Sundance emperor Robert Redford delivered his annual State of the Festival address this afternoon, where the event's 25th anniversary collided with the bittersweet black hole better known as "now."
"If you have questions, don't ask them," Redford joked, joining fest director Geoff Gilmore for his opening-day welcome. It wasn't much different than last year's or the previous decade's for that matter, Redford's rambling, optimistic oratory only mildly complicated by a Sundance marketplace that contracted by two-thirds between 2007 and 2008.
"For us it's always been a long term view, starting with the fact: Would we survive?" he said, reflecting on Sundance's 25th anniversary, the date of which he acknowledged he couldn't even remember. "Frankly, I didn't know if we would. It was a risk. It was a new idea. Independent film was pretty much exclusively in the hands of the National Endowment of the Arts in the '80s. ... I saw it as a category that we might feed and expand into something with more mass appeal — as an adjunct to what the film business was at that time, which was called just strictly mainstream. On a personal note, I liked the idea of independence."
Moreover, Redford liked the idea of having a launching pad for the work coming out of the margins of the Sundance Institute labs. It was the canny branding trick that captivated the mainstream as much as Soderbergh, Tarantino or anyone else who broke out of Park City. And with the mainstream attraction came the "ambush marketers," Redford complained today, happy to see their own numbers narrow with the recession. "I always believed they would exhaust themselves, and that's beginning to happen. The swag bags had nothing to do with us. And now that's starting to recede."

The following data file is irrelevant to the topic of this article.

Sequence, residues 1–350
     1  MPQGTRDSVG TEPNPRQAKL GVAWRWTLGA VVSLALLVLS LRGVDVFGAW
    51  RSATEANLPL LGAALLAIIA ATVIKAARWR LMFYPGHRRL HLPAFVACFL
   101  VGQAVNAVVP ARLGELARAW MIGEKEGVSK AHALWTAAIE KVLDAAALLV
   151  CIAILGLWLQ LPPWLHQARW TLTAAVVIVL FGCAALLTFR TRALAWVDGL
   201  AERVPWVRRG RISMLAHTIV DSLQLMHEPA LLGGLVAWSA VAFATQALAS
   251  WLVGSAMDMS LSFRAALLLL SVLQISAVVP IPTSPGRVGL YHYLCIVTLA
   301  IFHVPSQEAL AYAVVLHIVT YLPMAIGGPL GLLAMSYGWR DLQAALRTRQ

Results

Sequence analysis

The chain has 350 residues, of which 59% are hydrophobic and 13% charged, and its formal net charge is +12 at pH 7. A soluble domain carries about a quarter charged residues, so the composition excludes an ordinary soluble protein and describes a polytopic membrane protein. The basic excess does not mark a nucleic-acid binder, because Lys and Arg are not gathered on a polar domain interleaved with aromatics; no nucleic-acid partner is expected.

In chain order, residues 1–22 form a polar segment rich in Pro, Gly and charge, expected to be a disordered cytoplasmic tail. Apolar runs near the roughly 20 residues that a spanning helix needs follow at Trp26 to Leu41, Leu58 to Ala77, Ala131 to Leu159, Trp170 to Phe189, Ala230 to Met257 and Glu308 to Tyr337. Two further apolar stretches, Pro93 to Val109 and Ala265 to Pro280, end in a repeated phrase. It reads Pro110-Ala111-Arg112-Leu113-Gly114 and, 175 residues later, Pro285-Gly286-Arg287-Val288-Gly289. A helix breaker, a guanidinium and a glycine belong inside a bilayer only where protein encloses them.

But is that coveted mainstream — of which Sundance is now the begrudging flagship — a casualty of itself? Too many films, not enough outlets? An imbalance between art and commerce? "It's an interesting question," Gilmore said, "We walk lines, but we haven't changed our agenda. My [colleagues] are always debating what's commercial. The most frustrating thing that happens at Sundance from year to year is that someone tells you how wonderful a film is, but they can't take it out into the marketplace. And what we want to make sure is that the wonderful films that are at Sundance get taken out into that marketplace."
Redford also addressed speculation that Sundance might accept Abu Dhabi's invitation — and money — to launch an extension of the festival there. After noting that the Institute had cultivated work from the Middle East for years and now wanted to extend its mission, Redford waxed skeptical. "When you have too many cooks in the kitchen you're going to slow down the parade," he said, noting that he wanted the annex but hadn't advanced beyond informal discussions. "Right now we have too many cooks in the kitchen. Whether it'll resolve itself or not I can't say." If ever it were to be said, however, this would be the week to do it. Developing....